Only a few bombs dropped by Hammond at the Treasury select committee this morning. The Chancellor said he wouldn’t spend cash on preparing for no deal “until the very last moment”, which is winding up Brexiters no end.

“I don’t believe we should be in the business of making potentially nugatory expenditure until the very last moment when we need to do so.”

He raised the issue of air traffic unprompted, saying it was unlikely flights would be grounded in the event of no deal but admitting it is “theoretically possible”, which he knows will grab headlines. And he said the lack of progress during the negotiation was causing a “cloud of uncertainty” over the economy. Carefully and cleverly worded by Hammond to both slap down Brexiters and get anti-no deal headlines in Remain papers…

Hammond Refuses to Budget For No Deal

For months Brexiters have warned the Treasury and civil service are not preparing properly for the possibility of no deal. Despite May and Davis starting to make more encouraging noises on no deal preparations, Philip Hammond writes in the Times that he won’t spend any money now to prepare for that outcome. In March Number 10 sources told Guido the likelihood of no deal was 50-50, those same odds were offered by a Cabinet minister to the Sun this week. Why would the Chancellor rule out budgeting for something which the government says could easily happen? That is just irresponsible. 

If Hammond won’t fund plans for no deal it simply doesn’t look like a credible option. It’s not hard to see that this clearly weakens our negotiating position with the EU. Also curious for Hammond to come out and say this given it is a direct provocation to Leave Cabinet ministers who asked for the money this week. Arguably a greater undermining of the PM’s position than anything in Boris’ article…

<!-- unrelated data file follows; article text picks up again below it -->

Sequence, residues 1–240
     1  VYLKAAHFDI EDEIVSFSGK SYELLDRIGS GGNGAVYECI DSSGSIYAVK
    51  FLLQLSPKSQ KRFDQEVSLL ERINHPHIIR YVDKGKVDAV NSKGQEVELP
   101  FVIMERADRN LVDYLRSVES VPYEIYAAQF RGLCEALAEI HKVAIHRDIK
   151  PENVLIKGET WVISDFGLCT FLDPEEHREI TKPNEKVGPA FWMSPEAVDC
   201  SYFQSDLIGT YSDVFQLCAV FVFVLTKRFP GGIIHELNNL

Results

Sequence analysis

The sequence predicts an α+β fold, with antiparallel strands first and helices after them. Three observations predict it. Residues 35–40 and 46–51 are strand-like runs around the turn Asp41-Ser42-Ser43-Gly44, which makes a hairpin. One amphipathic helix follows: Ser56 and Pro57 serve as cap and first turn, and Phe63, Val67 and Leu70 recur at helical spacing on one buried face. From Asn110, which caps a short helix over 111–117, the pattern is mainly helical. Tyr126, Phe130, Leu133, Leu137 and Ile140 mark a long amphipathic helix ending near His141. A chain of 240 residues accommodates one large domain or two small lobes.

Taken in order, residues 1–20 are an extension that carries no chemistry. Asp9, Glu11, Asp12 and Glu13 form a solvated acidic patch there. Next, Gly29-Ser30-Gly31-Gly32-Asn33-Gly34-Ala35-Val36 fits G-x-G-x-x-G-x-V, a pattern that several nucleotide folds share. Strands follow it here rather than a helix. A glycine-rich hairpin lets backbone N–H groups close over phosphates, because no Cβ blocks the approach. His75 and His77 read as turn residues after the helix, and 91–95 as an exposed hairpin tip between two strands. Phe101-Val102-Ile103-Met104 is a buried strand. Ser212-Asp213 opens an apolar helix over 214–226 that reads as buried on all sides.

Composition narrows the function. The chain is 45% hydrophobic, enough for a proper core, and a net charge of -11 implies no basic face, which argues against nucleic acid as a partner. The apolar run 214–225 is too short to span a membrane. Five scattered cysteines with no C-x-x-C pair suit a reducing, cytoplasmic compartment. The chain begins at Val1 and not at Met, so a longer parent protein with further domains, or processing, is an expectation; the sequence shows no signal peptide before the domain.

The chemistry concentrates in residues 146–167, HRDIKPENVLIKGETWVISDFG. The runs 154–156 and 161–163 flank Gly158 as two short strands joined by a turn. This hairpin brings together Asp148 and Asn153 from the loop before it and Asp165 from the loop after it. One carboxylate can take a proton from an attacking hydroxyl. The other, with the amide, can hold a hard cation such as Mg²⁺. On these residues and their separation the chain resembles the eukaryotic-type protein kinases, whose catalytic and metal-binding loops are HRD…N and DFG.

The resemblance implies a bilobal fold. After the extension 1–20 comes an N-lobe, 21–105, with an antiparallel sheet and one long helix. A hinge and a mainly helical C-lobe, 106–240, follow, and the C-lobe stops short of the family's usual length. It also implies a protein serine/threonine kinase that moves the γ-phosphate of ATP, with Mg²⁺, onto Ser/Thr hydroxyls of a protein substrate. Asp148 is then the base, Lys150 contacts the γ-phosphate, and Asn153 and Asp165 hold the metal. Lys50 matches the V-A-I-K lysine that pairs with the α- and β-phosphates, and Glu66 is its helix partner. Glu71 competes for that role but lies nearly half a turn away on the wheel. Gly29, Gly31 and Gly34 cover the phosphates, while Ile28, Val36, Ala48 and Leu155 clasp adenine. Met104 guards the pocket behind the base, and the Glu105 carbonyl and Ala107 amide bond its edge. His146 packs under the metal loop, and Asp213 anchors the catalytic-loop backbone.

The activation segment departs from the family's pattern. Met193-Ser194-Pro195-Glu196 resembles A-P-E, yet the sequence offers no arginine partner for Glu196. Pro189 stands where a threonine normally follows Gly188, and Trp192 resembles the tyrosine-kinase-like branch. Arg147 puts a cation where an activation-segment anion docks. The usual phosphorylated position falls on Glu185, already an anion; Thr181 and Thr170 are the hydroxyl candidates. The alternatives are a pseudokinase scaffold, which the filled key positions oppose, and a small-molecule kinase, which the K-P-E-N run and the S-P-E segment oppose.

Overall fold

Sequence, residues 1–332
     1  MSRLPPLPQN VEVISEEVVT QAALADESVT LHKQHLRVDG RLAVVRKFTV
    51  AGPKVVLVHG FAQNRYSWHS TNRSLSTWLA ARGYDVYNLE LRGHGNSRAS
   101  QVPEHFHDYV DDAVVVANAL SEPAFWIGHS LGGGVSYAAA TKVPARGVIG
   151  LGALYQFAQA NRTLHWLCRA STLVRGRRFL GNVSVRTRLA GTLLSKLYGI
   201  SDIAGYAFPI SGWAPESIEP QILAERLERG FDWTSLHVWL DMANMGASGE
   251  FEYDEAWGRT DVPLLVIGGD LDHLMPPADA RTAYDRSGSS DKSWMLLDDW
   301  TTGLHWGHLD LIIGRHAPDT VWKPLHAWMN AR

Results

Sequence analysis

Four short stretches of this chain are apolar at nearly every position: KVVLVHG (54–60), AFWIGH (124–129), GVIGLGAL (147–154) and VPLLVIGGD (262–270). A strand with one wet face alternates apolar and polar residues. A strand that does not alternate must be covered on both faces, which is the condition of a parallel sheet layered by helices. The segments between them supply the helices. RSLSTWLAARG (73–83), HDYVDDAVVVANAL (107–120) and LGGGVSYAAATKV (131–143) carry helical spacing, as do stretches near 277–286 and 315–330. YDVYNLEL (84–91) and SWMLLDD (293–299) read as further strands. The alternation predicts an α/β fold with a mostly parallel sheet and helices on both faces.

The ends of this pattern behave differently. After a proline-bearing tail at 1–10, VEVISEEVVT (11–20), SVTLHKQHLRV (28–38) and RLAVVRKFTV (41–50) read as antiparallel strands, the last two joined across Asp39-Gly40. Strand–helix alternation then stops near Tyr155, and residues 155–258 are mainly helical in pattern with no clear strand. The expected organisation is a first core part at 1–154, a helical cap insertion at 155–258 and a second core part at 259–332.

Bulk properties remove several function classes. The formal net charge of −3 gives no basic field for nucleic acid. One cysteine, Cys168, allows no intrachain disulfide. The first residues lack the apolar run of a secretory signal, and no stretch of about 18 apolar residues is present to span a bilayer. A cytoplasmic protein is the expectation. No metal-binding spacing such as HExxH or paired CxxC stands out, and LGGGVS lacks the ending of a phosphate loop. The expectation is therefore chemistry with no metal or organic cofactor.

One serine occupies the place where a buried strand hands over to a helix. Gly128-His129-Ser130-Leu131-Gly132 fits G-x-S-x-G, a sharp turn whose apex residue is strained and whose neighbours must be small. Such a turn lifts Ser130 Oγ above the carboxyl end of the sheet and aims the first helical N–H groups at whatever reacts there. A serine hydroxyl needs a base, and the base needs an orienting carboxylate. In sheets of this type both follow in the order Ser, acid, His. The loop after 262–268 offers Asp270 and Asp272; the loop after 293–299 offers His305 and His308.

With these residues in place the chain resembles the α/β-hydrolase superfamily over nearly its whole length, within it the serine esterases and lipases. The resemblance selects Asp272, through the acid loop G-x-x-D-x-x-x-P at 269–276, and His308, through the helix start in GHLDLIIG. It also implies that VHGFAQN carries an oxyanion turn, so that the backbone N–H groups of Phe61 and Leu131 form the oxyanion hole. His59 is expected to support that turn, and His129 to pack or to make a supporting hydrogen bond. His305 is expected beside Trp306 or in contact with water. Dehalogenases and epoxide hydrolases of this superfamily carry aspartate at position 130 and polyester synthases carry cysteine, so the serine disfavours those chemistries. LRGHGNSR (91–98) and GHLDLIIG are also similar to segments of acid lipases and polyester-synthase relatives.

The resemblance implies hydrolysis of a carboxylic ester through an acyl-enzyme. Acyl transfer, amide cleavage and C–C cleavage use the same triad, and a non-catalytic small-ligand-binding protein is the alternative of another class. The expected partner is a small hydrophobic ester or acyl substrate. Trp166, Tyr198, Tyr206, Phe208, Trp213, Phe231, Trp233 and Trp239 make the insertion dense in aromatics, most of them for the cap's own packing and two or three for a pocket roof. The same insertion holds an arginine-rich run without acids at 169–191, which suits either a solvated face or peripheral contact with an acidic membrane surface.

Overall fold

Nadine: May Should Sack Hammond

May wanted to fire Hammond after the election but he was saved by her weakness following the result. There’s a case that Hammond is far more at odds with government policy than Boris or any other Cabinet Brexiter. Getting rid would have saved a lot of time and effort…

Gloomy Hammond Speech Falls Flat

Philip Hammond’s gloomy speech was a barely coded attack on Boris and Liam Fox, talking up the “difficulties” of Brexit, insisting we must remain “closely linked” to the EU, and talking down investment. His jokes fell flat too:

Hammond: Brexit “has created uncertainty so investment has slowed as businesses wait for clarity.” Very much NOT the DIT position

Fiscal Phil sends ’em to sleep…

Hammond and Rudd Bomb in Tory Focus Group, Boris Still Membership’s Favourite

Fascinating Frank Luntz focus group on the Sunday Politics asking Tory voters their thoughts on potential leadership contenders. Terrible viewing for Hammond (“so boring, so dull, bland”), and bad too for the great Remain hope Amber Rudd (“not leadership material, she’s backroom staff”). Better for Boris (“underneath it he’s very, very intelligent”), though it was the Mogg and David Davis who were most popular. Nobody in the room wanted May to fight the next election…

With over half of ConservativeHome readers wanting Theresa May to go before the next election, on Friday YouGov helpfully released this poll:

Basically Boris wins if he gets in front of the membership according to YouGov. Amber Rudd is likely to be the unity candidate of the continuity-Cameroons and Tory Remainer resistance, with Ruth Davidson campaigning for her fellow Remainer. DD and Boris will split the pro-Leave majority of the parliamentary party so it is, as things stand, going to be a Tory leadership campaign where in the final membership round Rudd likely loses to one of them. Is DD more popular with MPs than Boris?

Fiscal Phil

Philip Hammond asked to describe himself in one word:

“Fiscal.”

Team Hammond: Brexiters Are Stupid

Classic condescending quote from “an ally” of Philip Hammond on the front page of the Telegraph, the use of the phrase “simple-minded Brexiteers” is revealing: